MedImmune’s proposed sale to AstraZeneca for $15.6 billion was seen as a good piece of business by the US firm but it has emerged that one of its shareholders does not think so.

Charles Larson has filed a class-action lawsuit at the Montgomery County Circuit Court, days after the merger was announced, against the company, its executives and directors, on behalf of all MedImmune shareholders, and claimed that the board has breached its duties of “loyalty, due care, independence, candour, good faith and fair dealing” in doing the deal.

Details of the action, which can be found in a regulatory filing to the US Securities and Exchange Commission by MedImmune, shows Mr Larson arguing that "instead of attempting to obtain the highest value reasonably available for the company's stockholders, defendants spent a substantial effort tailoring the acquisition to meet the specific needs of AstraZeneca".

“In short,” the suit states, “the acquisition is designed to unlawfully divest MedImmune's public stockholders of their holdings without providing them the maximised value they are entitled to. Defendants know that these assets will continue to produce substantial revenue and earnings.” The company’s management are also criticised for pursuing “any proposed transaction wherein they will reap disproportionate benefits”. The action then calls on the court to stop the merger and on management to consider alternatives to the AstraZeneca link-up, “including the solicitation of bids from interested parties.”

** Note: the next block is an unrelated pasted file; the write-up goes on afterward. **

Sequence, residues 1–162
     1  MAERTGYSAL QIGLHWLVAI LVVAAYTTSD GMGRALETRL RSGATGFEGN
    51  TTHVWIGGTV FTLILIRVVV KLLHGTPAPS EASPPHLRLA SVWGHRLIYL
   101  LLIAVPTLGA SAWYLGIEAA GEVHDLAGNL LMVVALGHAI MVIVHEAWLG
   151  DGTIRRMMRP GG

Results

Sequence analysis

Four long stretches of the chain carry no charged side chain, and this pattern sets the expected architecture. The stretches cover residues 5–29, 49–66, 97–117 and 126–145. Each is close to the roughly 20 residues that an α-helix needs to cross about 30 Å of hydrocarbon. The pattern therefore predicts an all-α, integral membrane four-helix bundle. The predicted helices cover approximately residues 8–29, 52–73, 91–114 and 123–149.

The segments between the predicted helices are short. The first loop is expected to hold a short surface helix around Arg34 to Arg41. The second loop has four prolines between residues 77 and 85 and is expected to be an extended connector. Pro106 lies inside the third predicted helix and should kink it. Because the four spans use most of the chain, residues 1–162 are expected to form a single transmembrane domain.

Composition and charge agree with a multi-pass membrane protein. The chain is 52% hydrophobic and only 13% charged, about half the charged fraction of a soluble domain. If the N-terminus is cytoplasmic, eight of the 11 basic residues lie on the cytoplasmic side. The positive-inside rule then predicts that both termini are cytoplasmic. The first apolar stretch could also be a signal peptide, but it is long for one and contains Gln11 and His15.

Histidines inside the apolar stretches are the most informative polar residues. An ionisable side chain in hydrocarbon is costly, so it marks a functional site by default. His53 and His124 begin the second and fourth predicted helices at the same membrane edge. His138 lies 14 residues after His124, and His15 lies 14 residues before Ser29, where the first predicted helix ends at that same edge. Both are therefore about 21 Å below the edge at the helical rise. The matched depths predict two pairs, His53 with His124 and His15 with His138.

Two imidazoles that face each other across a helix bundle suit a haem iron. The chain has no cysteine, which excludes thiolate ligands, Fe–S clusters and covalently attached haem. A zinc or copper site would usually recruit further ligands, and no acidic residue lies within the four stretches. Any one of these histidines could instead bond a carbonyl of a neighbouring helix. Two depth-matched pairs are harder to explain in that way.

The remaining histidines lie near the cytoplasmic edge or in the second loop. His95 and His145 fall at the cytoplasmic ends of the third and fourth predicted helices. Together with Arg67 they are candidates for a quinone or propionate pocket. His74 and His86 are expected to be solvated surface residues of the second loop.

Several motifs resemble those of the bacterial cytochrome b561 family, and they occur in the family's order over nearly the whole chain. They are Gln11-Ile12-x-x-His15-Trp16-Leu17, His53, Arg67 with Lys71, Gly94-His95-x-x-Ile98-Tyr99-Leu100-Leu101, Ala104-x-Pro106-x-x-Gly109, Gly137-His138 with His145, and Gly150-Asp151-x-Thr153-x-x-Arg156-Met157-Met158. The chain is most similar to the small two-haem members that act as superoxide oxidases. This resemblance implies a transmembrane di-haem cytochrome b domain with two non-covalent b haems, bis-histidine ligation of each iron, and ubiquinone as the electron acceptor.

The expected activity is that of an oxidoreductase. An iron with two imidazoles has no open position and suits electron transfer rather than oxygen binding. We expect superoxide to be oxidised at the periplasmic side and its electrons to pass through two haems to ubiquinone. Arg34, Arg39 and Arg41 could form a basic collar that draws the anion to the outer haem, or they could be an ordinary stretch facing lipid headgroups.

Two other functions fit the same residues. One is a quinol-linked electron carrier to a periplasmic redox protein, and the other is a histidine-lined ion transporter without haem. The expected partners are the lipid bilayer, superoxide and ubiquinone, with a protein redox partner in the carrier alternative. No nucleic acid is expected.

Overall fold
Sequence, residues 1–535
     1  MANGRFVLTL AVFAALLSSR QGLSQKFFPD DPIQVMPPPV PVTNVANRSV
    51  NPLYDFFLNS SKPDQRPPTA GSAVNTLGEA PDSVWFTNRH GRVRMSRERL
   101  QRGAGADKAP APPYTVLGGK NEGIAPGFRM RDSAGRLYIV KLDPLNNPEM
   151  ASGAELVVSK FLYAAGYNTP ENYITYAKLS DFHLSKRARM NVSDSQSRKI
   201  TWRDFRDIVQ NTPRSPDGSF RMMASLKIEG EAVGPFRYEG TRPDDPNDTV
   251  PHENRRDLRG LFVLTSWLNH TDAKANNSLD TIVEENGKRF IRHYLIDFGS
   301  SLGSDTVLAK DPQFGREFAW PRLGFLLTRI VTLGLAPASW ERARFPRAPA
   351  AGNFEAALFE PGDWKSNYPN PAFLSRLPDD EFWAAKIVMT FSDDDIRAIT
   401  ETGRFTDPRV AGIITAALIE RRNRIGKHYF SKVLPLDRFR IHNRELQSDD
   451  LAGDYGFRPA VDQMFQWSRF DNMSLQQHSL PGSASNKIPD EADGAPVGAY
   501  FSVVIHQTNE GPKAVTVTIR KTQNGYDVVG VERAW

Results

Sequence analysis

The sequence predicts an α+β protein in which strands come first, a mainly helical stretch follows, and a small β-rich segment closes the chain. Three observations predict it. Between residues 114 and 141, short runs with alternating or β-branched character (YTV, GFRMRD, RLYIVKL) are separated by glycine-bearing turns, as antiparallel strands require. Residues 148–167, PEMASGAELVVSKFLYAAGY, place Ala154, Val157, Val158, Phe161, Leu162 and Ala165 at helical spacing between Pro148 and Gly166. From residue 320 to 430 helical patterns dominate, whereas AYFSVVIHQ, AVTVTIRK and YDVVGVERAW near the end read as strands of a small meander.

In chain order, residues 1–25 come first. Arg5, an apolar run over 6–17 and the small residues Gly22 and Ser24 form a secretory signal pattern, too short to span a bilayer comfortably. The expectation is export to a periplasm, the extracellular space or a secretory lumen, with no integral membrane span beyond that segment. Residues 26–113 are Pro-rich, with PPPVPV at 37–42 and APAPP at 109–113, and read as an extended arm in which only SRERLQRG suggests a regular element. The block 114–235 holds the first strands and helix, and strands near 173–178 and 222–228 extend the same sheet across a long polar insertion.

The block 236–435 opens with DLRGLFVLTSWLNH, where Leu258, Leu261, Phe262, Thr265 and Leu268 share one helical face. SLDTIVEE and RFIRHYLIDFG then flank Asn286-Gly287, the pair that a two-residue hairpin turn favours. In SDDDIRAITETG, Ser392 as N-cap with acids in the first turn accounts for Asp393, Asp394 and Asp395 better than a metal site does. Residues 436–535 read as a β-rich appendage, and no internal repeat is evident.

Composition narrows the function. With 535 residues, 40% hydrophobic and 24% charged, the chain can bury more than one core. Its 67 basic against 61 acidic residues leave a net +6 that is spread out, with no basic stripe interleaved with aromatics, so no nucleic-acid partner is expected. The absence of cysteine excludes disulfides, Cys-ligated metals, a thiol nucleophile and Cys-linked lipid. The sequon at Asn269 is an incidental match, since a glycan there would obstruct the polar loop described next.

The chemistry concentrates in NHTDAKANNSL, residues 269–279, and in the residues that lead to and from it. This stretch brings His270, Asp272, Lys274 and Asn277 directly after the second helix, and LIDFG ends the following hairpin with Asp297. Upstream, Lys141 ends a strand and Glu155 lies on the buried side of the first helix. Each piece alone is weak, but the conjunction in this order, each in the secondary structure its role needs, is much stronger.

Case has no merit, says MedImmune

MedImmune says the lawsuit is without merit and plans to fight the case vigorously in court. It has taken observers by surprise, especially as most analysts feel that AstraZeneca's $58 per share offer is excessive. Moreover, in earlier regulatory filings regarding the merger, the two companies disclosed that competing bids to purchase MedImmune ranged from $44 to $51 a share, and AstraZeneca had to up its initial offer from $50 to seal the deal.

If the transaction does proceed, MedImmune's chief executive David Mott, who currently holds nearly five million shares, or 2% of the company, will get almost $287 million, while founder and board chair Wayne Hockmeyer will receive $109 million for his 1.9 million shares.